Irene thought it was Jacinta she saw at the market that Friday, but the other woman’s behavior was so bizarre that she couldn’t be sure. It was stir-fry night, and Irene was standing by the shiitake bin when, across the room, she saw Jacinta. Or, at least, the woman looked just like Jacinta. She had the same long hair, expertly curled at the ends; she wore the same colorful, conservatively styled clothing that Jacinta had been wearing every time Irene had seen her. She even carried the same purse. But this woman pushed her shopping cart so sluggishly that, for a moment, Irene worried that her new friend might be ill or, worse, under the influence of one of those sedatives that were becoming so popular among certain women.
It didn’t seem like a good time to say hello, so Irene was turning away to hide among the mushrooms when she noticed a man walking a few paces ahead of the-woman-who-might-be-Jacinta. He was middle aged, but wore his long hair combed into a ponytail. Wire-rimmed eyeglasses and a grey cardigan gave him the look of a librarian. He turned to say something to the woman pushing the shopping cart, it was something humorless, a command or a criticism. The-woman-who-might-be-Jacinta detached herself from the cart and moved towards a tall display of pears. Irene worried that the woman might chose one of the green pears at the bottom of the pile, and send the whole display tumbling to the floor. She worried that she’d have to help, and by helping she’d have to interact with this woman, this woman who might be her friend, but had none of the qualities, at the moment, that made her friend someone she’d want to be friends with. The-woman-who-might-be-Jacinta chose a pear from the top of the pile. She looked at it blankly, then dropped it into a plastic bag. Just as Irene was turning to push her own shopping cart away, the other woman turned. Their eyes met.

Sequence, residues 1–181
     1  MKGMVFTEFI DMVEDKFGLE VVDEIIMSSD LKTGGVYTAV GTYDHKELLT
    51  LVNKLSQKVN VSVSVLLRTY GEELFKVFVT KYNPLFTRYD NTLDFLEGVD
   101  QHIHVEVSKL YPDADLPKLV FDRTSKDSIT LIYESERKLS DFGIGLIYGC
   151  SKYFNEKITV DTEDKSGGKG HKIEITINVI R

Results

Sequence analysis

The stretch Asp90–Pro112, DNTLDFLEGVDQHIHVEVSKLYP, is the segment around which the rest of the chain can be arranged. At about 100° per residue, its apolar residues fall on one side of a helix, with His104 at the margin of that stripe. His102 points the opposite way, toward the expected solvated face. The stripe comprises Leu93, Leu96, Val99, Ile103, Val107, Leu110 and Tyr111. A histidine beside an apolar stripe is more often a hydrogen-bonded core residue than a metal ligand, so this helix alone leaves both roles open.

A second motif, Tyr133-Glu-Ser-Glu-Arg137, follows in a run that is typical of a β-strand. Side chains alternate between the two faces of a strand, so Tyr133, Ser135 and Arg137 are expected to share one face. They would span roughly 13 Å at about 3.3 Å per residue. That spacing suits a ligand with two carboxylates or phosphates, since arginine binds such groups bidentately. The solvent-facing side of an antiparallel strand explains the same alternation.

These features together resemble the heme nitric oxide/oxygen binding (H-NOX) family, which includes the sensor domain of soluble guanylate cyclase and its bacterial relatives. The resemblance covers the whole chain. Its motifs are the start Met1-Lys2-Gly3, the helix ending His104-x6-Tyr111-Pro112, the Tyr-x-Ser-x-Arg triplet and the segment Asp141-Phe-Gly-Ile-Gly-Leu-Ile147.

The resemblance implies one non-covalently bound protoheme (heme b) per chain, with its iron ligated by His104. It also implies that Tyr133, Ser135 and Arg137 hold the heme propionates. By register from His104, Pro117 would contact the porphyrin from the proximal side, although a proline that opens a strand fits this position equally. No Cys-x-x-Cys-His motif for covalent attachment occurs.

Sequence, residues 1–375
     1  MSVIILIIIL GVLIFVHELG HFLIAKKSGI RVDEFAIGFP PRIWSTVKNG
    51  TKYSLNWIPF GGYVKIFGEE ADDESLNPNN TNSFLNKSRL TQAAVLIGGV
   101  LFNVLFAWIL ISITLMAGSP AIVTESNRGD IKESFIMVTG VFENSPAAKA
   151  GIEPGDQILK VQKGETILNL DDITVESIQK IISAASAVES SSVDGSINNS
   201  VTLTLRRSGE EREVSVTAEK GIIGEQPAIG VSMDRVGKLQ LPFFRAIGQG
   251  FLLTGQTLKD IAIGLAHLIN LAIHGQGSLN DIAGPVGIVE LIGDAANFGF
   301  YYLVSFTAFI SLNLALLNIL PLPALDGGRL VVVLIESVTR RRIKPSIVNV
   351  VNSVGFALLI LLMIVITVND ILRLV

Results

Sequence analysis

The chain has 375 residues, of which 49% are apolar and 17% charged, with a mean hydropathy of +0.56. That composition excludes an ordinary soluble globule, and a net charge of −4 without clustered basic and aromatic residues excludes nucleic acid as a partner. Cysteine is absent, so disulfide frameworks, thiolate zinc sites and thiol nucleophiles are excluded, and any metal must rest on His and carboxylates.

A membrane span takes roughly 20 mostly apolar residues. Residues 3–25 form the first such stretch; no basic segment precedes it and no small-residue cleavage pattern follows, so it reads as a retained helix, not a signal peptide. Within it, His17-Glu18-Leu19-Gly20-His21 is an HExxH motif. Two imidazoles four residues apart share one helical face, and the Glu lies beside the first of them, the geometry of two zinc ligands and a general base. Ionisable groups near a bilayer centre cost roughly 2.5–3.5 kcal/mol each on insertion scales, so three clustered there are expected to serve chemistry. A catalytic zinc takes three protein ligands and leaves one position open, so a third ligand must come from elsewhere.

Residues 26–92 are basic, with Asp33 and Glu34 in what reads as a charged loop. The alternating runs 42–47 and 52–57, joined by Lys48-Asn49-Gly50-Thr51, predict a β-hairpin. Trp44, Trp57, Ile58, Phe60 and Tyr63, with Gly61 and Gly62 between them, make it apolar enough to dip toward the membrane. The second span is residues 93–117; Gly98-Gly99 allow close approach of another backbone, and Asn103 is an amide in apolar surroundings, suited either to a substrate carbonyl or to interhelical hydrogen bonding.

“Hello Jacinta, so good to see you! How are you?” Irene called across a display of red tomatoes. Her good manners saved her from freezing at this critical moment. Unfortunately, she couldn’t be saved from the cold fist of mortification when the-woman-who-might-be-Jacinta turned away without a smile, without even a spark of recognition in her dull eyes. The woman walked away with a pear sagging in her plastic bag. She handed the bag to the long-haired man, who held up the pear, glanced at Irene, and walked away. The strange woman followed, leaning heavily on the cart to push it ahead.
“How strange,” Irene thought. “Jacinta must have a doppelganger, right here in our little town. I hope I never have to run into her again.” And she wandered off to find the asparagus.